SPEECHES — DG NGOZI OKONJO-IWEALA

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I would like to take this opportunity to extend sympathies again to those of our members whose countries are experiencing an upsurge in COVID-19 cases at the moment — India, Brazil, Nepal, Sri Lanka, and others — and I'd like to thank other members who have also sought to help these countries under stress, which is the sign of solidarity that we seek to promote among our membership. The fact is that it shows we are all in it together. Let me just say that the way the WTO handles this matter is critical. We need to have a sense of urgency on how we approach this issue of response to COVID-19 because the world is watching. The issue of equitable access to vaccines, diagnostics and therapeutics is both the moral and economic issue of our time.

Vaccine policy is economic policy because the global economic recovery cannot be sustained unless we find a way to get equitable access to vaccines, therapeutics and diagnostics. Let me say that WTO members need to act on four fronts. We need to have a wholesome approach that some members have mentioned.

First, members should share their vaccines, those who have ordered more than they truly need should share with others, either through the COVAX facility or other mechanisms. Those who have raw materials should allow these to flow through supply chains so that all who can manufacture can take advantage of this. We should pay attention to the availability of skilled workers who can also help in the production of these commodities.

Second, we need to look at the issue of export restrictions and prohibitions and bureaucratic procedures and customs procedures that may confront supply chain mobility with respect to the manufacture of products to combat COVID-19. When we listened to manufacturers at the 14 April event that many members have referred to, it was clear that we need to be mindful to the issue of allowing supply chains to work. Otherwise, no matter what capacity we have we will still not be able to manufacture what is needed. I am happy to say that the number of export restrictions or prohibitions have come down from 109 to 51 but we need to keep it moving down.

Third, we need to work with manufacturers to enable them to mobilize existing capacity that is idle to manufacture. We heard from countries like Pakistan, Bangladesh, India, South Africa, and so on, Indonesia, Senegal, that there is some existing capacity that can be turned around in some months to be able to allow us to manufacture the kinds of doses we may need to go from the 5 billion doses produced in the world today to the 10.8 billion being forecast for this year to 15 billion, in particular  if we need booster doses.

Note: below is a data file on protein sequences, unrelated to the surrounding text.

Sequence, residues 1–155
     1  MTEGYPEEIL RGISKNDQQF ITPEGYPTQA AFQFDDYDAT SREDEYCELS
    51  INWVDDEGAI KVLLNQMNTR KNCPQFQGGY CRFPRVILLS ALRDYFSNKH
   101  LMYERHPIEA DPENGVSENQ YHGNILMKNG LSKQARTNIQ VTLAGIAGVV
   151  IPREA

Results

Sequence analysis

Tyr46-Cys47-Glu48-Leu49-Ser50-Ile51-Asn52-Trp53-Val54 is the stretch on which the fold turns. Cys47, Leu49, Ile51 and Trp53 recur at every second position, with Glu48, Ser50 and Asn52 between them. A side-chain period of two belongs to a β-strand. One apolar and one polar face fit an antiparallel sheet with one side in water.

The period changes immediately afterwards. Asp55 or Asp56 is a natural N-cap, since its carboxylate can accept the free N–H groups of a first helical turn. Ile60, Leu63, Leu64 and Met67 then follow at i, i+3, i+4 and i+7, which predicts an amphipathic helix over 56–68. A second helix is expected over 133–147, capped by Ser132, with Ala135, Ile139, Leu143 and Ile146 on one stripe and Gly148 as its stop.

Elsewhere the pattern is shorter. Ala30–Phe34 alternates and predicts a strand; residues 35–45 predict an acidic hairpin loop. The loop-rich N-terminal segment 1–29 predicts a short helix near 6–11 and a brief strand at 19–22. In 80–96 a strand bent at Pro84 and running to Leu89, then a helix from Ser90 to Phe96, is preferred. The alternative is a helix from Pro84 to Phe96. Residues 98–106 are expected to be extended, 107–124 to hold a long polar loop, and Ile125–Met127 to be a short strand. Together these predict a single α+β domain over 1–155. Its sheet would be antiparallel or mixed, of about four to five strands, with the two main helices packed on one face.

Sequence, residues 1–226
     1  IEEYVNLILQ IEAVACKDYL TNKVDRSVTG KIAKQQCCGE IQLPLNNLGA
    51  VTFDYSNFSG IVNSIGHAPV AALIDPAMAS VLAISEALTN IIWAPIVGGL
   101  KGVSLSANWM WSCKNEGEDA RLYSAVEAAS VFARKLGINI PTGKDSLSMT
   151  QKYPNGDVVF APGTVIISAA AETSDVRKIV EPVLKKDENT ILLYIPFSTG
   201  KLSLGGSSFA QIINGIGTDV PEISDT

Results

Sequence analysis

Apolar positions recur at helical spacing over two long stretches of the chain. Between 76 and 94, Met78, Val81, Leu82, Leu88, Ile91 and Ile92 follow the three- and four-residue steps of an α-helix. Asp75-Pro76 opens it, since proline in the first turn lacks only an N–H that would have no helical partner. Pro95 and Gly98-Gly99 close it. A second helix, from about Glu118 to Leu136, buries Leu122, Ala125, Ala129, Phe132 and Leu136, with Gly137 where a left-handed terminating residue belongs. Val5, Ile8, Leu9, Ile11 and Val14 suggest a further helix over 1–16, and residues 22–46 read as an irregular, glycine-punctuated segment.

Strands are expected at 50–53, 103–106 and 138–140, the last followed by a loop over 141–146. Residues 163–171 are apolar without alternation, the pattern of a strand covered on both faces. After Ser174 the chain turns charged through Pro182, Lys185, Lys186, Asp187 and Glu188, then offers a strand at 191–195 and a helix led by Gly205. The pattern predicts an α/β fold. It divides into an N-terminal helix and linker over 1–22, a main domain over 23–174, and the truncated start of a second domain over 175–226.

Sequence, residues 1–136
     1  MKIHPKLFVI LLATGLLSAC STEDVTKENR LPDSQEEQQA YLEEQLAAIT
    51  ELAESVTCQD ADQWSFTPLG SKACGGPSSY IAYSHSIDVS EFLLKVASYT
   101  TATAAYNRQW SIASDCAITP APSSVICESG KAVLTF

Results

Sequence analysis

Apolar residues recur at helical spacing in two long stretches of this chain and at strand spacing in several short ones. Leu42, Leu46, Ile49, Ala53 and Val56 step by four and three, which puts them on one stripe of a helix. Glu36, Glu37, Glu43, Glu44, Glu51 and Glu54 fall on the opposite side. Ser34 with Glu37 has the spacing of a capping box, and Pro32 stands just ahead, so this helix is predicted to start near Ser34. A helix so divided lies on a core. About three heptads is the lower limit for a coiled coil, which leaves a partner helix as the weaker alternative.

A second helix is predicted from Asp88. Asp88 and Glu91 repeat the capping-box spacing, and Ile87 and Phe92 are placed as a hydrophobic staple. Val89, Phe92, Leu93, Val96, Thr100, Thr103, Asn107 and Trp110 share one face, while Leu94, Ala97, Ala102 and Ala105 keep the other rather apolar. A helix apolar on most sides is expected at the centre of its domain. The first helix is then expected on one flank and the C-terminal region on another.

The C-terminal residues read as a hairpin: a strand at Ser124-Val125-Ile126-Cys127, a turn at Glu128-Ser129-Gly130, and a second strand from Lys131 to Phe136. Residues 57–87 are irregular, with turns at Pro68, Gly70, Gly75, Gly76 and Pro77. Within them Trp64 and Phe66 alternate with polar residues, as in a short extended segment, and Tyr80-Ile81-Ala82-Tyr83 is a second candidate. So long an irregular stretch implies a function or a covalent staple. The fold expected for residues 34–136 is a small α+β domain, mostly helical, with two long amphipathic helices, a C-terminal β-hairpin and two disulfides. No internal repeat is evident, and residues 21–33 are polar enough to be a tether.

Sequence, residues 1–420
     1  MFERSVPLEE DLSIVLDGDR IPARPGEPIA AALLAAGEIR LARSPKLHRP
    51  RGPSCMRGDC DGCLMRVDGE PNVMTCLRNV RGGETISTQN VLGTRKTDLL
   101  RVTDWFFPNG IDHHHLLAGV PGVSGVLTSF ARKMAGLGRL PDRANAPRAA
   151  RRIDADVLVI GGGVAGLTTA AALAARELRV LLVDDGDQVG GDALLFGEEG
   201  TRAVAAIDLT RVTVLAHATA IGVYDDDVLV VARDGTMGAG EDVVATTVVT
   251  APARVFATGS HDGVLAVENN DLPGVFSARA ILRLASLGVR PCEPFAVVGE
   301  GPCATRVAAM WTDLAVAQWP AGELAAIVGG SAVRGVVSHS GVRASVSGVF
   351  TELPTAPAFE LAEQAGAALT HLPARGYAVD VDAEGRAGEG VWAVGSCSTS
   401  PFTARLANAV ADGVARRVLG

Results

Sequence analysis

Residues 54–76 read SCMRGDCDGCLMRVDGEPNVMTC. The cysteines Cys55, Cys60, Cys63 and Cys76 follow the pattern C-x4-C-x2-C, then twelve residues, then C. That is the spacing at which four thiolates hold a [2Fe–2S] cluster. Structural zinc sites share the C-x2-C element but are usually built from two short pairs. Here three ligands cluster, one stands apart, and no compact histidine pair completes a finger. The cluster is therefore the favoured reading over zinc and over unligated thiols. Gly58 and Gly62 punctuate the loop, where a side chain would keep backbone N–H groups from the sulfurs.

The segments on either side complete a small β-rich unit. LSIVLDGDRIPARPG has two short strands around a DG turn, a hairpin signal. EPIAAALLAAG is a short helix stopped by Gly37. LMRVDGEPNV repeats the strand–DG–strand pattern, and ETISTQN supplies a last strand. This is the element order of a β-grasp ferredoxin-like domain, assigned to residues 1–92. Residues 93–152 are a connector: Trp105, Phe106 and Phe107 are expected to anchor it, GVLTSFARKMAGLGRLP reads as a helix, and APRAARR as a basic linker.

So we cannot act soon enough to put manufacturing capacity that is idle at work immediately and to invest in additional manufacturing capacity for the future. We also have to think of how to deal not just with this pandemic but of what role the WTO is going to play to ensure that we meet the needs of our members in a future pandemic or even the continuation of this one. Countries like Russia, China, Brazil, Cuba, who have vaccines under development or who are already sharing their vaccines with others, should look at ways to boost supplies so we can increase the volume of vaccines in the world. Those who need to get Emergency Use Authorization from the WHO to enable access to their vaccines should do so.

I'm happy to hear that the proponents of the TRIPS waiver are putting together a revised text. And I think that it is incumbent on us to move quickly to put the revised text on the table but also to begin and undertake text-based negotiations. I am firmly convinced that once we can sit down with an actual text in front of us, we shall find a pragmatic way forward, acceptable to all sides that allow the kinds of answers that our developing country members are looking at with respect to vaccines, whilst at the same time looking at research and innovation and how to protect them. We just need the will to sit down. Too many people are dying, as many members have already repeated with numbers. We need to treat this whole issue with a sense of urgency. On our part, we're following up on the workshop that we convened by trying to engage with manufacturers to see how we can work faster with them. We are also joining the Vaccine Manufacturers Task Force put together by CEPI, Gavi and the WHO.

Thank you all, and I want to thank all of you for trying to move us towards the conclusion on this issue.

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